Influenza B NP Monoclonal Antibody, 50-1E2



Product Name Anti-Influenza B rabbit monoclonal antibody, 50-1E2
Catalog Number FB-50-1E2
Immunogen Influenza B Nucleoprotein
Host Rabbit
Preparation Recombinant monoclonal antibody expressed in HEK293F cells and purified by protein A affinity chromatography.
Applications Any application that detects Influenza B virus, pseudo virus, and Influenza B native nucleocapsid protein. Does not detect denatured nucleocapsid protein.
Reactivity Influenza B nucleocapsid protein
Isotype rabbit IgG, kappa
Conjugation Unconjugated
Clonality Monoclonal
Concentration 1mg/ml
Purification Protein A affinity chromatography
Storage buffer PBS
Storage conditions For long term storage, the antibody should be stored at -20℃ and is stable for 12 months from
the date of receipt. Avoid repeated freeze-thaw cycles. For short term storage, keep at 4oC for a week should be fine.
Application Dilution 1:1, 000-1:100, 000 (platform dependent, customers must test the optimal concentration on their own platform)

Additional information


100µg, 1mg

Background information

Flu A virus is the most common flu virus infecting humans, animals, and birds. It is divided into subtypes, based on the nature of their surface glycoproteins, HA and NA. There are 18 different HAs and 11 NAs that are distinguishable serologically (antibodies to one virus subtype do not react with another). In comparison, Flu B infection mostly occurs in humans and is divided into lineages and strains. Currently circulating influenza B viruses belong to one of the two lineages: B/Victoria and B/Yamagata. This virus is responsible for significant morbidity which is why the seasonal trivalent influenza vaccine contains Flu B as an integral component. Unlike Flu A or B, Influenza C viruses only cause a mild respiratory illness in humans and secondary complications are rare. Flu C is structurally different from Flu A and B viruses and contains a glycoprotein called HEF (hemagglutinin-esterase-fusion).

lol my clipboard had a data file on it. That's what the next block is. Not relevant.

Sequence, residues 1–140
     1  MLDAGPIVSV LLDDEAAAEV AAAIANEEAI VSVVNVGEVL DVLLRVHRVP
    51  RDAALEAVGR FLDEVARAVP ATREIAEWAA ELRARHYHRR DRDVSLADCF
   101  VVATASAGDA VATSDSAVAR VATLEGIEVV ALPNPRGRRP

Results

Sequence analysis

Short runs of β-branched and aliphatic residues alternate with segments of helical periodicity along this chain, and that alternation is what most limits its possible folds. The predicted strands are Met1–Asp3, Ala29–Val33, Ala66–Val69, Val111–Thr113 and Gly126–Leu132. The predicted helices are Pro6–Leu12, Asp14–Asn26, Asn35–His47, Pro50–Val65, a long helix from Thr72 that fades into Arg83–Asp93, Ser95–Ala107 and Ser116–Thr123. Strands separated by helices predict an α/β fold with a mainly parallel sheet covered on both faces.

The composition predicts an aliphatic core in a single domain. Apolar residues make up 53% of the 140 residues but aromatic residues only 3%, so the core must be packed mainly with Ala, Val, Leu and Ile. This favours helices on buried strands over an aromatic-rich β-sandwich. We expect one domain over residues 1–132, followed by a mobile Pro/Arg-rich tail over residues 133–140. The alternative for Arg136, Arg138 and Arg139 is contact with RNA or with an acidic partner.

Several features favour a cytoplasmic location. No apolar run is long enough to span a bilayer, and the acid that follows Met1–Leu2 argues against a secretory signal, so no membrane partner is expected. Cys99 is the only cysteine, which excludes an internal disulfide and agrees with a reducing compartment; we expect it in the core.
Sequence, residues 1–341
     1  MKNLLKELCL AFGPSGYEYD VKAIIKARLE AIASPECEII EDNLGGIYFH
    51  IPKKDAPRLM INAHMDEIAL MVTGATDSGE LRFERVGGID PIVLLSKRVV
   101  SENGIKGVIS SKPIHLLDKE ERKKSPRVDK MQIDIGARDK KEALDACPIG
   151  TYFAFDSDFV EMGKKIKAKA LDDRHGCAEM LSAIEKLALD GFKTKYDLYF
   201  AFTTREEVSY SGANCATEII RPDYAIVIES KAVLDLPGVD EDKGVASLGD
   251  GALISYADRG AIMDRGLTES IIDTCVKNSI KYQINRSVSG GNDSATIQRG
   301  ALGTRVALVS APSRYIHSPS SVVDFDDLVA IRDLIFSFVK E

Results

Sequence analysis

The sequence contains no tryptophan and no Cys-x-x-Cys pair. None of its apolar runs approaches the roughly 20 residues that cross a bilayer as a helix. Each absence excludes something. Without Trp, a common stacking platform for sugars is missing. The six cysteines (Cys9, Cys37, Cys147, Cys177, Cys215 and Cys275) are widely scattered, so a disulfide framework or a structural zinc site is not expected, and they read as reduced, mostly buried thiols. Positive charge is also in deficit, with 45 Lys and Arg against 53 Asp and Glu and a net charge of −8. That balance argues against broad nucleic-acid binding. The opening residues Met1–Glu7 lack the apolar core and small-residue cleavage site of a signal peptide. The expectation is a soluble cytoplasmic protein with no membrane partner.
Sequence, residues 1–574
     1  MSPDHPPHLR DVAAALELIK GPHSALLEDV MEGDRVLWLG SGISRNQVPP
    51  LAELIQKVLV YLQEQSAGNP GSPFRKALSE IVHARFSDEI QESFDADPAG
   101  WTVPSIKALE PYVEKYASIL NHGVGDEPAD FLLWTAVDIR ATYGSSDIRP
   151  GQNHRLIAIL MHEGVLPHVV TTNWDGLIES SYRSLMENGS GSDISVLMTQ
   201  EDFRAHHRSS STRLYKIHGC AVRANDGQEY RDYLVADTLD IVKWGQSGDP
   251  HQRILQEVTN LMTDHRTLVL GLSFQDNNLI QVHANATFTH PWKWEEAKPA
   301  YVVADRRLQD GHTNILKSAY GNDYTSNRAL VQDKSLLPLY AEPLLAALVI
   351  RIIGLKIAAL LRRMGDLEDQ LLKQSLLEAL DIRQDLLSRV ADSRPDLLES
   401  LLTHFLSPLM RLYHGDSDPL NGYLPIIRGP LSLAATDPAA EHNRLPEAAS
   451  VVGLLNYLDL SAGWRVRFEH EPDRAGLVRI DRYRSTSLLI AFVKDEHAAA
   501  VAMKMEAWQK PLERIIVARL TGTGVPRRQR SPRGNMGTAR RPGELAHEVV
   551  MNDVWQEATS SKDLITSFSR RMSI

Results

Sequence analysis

Influenza viruses are mostly spread by aerosolization made when an infected person coughs or sneezes. Complications usually arise from bacterial infections of the lower respiratory tract and signs of a secondary respiratory infection often appear just as the infected person seems to be recovering. The elderly and the chronically ill are at greater risk for secondary infection and other complications. Children can also experience a rare, but serious complication called Reye’s syndrome.


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